Discussing a new opening he is trying to fill, Sykes said that just a few years ago, if he'd placed an advertisement for a job opening, he would have heard from “30 relatively qualified people, who would have been fairly difficult to winnow down to people to interview.”

“This time ... I only got seven people,” he said.

Luckily, Sykes has not seen many resignations in his staff.

“It's good that we can pay our employees more and that's positive for the workforces,” he said. “But it also puts pressure on us from a business standpoint to absorb all that.”

Just down the street from the U-Store, owner of Labyrinth Books Dorothea von Moltke has retained all of her staff. However, staffing became difficult earlier in the fall, with the beginning of classes and subsequent rise in business.

“We have never run anything close to as lean [on staff] during coursebook rushes as we had to in the fall, and we are concerned that the same will be true for the spring semester rush,” she wrote in an email statement.

According to von Moltke, her store had approximately 10 “rush hires” on staff to help this year. In 2019, she said, the store “would have hired 18 temps.” Her regular staff, who usually “pitch in” during the fall rush, “became the backbone of the coursebook operation.”

Looking forward, von Moltke says that she sees some challenges in maintaining a stable workforce, including the "high cost of living in Princeton.”

Unlike Sykes and von Moltke, Jon Lambert, owner of the Princeton Record Exchange, had to lay off 13 of his full time employees and six of his part time employees. He told the ‘Prince’ in an interview that he kept two employees part-time to help with online sales.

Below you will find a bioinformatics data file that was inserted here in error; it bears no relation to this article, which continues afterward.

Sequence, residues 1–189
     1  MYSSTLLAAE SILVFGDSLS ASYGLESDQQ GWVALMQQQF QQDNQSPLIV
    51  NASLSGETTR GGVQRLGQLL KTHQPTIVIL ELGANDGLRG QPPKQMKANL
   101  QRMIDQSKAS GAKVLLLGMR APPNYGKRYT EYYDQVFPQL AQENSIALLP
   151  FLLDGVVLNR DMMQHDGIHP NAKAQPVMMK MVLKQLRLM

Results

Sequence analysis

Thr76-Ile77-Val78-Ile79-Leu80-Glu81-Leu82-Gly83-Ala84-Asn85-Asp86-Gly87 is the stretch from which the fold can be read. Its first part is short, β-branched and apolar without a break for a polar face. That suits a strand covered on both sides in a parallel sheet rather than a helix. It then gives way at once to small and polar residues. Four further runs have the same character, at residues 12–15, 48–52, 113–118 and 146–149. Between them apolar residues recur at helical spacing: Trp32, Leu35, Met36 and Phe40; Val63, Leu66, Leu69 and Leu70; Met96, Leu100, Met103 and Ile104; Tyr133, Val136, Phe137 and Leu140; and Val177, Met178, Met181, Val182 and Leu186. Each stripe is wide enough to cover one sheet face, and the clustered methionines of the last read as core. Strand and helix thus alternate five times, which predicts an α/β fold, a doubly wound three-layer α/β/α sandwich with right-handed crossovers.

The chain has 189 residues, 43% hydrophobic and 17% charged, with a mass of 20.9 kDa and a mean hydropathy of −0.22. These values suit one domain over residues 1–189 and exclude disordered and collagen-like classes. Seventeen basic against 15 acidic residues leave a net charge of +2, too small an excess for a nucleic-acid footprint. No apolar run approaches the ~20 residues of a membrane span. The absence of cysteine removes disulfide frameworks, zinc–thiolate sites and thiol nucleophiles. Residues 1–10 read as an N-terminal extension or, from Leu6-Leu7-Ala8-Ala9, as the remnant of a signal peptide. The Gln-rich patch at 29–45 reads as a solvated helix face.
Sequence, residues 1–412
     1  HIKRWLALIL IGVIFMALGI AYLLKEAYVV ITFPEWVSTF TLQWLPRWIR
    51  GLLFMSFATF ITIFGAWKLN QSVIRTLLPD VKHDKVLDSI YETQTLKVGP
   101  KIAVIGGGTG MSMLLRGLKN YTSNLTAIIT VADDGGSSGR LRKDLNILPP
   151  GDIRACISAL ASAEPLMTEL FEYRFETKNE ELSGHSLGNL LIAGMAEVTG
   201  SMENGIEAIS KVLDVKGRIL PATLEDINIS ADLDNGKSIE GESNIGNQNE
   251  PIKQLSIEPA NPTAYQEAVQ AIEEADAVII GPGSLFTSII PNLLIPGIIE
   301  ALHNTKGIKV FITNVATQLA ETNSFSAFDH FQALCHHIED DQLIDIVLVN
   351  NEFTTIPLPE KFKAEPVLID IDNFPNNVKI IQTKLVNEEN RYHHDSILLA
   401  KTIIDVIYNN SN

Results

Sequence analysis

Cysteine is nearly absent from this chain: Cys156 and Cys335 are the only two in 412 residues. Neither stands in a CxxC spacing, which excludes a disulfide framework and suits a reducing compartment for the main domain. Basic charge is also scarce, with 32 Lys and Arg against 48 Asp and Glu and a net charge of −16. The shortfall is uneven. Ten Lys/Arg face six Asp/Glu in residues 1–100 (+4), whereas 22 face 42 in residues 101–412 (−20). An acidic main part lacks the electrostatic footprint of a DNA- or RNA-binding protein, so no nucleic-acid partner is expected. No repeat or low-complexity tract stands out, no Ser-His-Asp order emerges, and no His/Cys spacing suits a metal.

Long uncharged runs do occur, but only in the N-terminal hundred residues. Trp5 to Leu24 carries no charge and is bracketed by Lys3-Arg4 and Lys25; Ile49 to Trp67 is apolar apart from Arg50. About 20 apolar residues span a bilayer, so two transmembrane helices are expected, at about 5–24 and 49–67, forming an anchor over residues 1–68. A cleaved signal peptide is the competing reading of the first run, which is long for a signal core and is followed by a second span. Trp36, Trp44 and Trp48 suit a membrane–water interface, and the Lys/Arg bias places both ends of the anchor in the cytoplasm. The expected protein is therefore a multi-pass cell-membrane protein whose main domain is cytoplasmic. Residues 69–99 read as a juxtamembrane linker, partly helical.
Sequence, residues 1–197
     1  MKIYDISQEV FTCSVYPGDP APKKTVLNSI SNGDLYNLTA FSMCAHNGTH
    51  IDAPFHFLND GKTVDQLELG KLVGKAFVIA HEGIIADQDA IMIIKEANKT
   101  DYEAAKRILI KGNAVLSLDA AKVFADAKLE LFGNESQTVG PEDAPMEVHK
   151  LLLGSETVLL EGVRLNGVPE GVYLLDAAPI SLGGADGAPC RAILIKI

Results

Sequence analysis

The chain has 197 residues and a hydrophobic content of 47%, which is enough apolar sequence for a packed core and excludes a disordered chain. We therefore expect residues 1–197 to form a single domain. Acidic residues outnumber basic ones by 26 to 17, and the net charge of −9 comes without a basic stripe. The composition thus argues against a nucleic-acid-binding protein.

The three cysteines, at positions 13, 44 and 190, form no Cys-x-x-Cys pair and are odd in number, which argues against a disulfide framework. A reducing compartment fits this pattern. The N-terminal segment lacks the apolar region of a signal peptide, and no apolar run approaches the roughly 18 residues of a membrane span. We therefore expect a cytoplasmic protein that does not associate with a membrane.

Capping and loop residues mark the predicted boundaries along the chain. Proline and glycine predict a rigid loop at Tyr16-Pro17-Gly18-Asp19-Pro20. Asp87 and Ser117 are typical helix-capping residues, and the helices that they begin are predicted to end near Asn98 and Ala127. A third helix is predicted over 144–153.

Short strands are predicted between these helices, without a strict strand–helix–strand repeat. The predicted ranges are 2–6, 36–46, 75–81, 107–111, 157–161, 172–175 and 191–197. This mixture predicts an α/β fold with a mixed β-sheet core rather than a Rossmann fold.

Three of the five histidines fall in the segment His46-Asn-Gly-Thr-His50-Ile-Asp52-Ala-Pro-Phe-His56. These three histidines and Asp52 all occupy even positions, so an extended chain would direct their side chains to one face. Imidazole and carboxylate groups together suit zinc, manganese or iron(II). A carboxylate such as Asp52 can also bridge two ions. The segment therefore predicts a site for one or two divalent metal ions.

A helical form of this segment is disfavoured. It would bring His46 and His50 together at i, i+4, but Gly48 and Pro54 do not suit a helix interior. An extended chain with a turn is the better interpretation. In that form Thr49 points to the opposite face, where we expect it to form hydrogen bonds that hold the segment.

He said that loans from the Paycheck Protection Program, an initiative from the Small Business Administration that provided loans to small businesses earlier in the pandemic, was a big help.

“It was relatively stable until just a few months ago when a couple of long term employees, who had been here for 15 years, resigned just to move on … it was just happenstance,” he said.

Typically, Lambert just hangs up a help-wanted sign.

“One of the great things about having a store like ours is the cool factor,” he said.

Over a few weeks, Lambert says he received about 30 applications for two openings. He has had a range of people apply, from retirees to engineers and architects and professionals “who were putting down six figure salaries.”

“There’s a real reevaluation going on I feel like in society right now,” Lambert added. “What does a job mean? What’s the value of my life? Money, of course, is important, but there have always been other things that have been important to people and I think those other things have come into more sharp focus [during the pandemic].”

Grigsby told the ‘Prince’ he believes a similar phenomenon could be a factor in the current labor landscape.

“People might want to do something a bit more meaningful,” he said. “So they’re not willing to accept a barista job. They want to go and try to work in a museum or try to work at something that they care a bit more about.” 

For now, managers and owners at understaffed Princeton businesses will keep working long hours until they can find enough employees.

“I put in a lot of long days in here, from 6:30[a.m.] to 8 o’clock at night,” said Tony, the Dunkin’ manager. “It’s just really tough right now. We’re taking anyone we can get.”

Editor’s Note: An earlier version of this piece noted Tony’s shift as beginning at 6:30 p.m. rather than 6:30 a.m. The ‘Prince’ apologizes for this error.

Sandeep Mangat is a staff writer who frequently covers the University administration and campus events. He can be reached at smangat@princeton.edu and on Twitter @s_smangat.

Miguel Gracia-Zhang is a staff writer who often covers University affairs and local news. He can be reached at mg43@princeton.edu or on Twitter at @gracia_zhang.